As the pet insurance marketplace grows, it has come to include different types of insurance so it pays to read the small print to know what’s covered and what’s not.
The most basic, and therefore cheapest, type of insurance is meant to cover only accidents, like your dog being hit by a car. It will not cover routine care, annual wellness visits, or illness.
The next level up is accident and illness care. This type of plan will cover everything an accident plan covers, as well as paying out when your dog gets sick, whether the illness is chronic or short-term.
Wellness plans cover the routine stuff like shots and annual check-ups.
Things to keep in mind
It’s generally much cheaper to insure a dog when s/he is young and healthy than after they begin to show the effects of aging.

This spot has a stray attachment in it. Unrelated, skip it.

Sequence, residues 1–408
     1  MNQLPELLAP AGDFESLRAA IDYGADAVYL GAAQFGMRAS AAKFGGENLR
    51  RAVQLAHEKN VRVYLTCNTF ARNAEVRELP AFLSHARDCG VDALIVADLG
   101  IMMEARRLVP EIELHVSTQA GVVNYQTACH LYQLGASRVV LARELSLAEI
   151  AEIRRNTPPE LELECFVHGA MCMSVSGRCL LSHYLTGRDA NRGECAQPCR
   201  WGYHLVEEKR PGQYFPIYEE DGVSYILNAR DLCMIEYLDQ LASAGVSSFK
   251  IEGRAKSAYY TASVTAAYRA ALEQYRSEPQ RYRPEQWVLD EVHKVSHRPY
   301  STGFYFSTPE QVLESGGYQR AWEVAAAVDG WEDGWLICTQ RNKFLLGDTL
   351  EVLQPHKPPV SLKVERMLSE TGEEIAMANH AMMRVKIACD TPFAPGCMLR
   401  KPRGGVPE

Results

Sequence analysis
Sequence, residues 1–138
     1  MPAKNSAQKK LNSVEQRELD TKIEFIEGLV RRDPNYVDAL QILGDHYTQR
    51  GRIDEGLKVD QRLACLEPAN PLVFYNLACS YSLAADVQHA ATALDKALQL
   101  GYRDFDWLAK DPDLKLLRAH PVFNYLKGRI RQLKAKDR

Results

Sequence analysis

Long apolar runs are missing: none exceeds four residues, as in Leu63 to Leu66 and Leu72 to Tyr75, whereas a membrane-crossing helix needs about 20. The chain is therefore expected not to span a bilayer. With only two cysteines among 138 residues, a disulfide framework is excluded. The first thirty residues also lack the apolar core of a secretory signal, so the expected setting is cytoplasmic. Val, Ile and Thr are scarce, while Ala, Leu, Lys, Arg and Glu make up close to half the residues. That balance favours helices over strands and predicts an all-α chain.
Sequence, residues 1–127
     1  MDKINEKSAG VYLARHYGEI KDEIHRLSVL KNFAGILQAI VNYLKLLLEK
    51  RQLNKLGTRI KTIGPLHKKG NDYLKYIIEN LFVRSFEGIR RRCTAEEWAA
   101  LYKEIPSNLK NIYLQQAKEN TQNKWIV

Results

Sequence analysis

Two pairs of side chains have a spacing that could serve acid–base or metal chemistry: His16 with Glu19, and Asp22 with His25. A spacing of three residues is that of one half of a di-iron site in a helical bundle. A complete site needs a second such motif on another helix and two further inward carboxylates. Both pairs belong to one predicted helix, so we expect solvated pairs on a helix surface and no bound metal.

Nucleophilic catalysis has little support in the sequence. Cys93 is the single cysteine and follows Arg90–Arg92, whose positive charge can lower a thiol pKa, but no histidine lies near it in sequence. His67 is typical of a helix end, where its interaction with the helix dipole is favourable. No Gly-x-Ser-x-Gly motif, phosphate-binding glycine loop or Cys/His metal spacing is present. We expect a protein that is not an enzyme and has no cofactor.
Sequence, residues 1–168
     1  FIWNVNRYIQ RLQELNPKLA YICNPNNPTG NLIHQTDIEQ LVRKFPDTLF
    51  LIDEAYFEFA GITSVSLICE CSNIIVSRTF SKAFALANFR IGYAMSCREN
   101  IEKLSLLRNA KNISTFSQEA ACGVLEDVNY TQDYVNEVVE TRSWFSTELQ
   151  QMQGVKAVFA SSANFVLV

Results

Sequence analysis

No one covers pre-existing conditions.
Just like human insurance, pet insurance has a maximum payout – usually $10,000, but may go as high as $20,000.
Deductibles vary between plans.
To decide if pet insurance is worth it for your dog, consider how much you spend on vet care each year. Remember first year costs will be higher due to puppy shots and spay/neuter. Pet insurance premiums are often about $50 per month or $600 per year. Are your average costs higher than that?
Then consider if you have or can save up for an emergency fund to cover catastrophes like getting hit by a car or needing chemotherapy. It may turn out to be more cost effective if you put the money you would have spent on premiums into a savings account to be used when emergencies crop up. Or it may make sense to get an injury only plan and use your savings on premiums to cover the routine visits.
The bottom line
Compare policies from different companies, but make sure you are comparing apples to apples as far as coverage, maximums, and deductibles. Then go a step further and compare the cost of the plan you are thinking of getting to your actual expected expenses.
Until next time,
Good day, and good dog!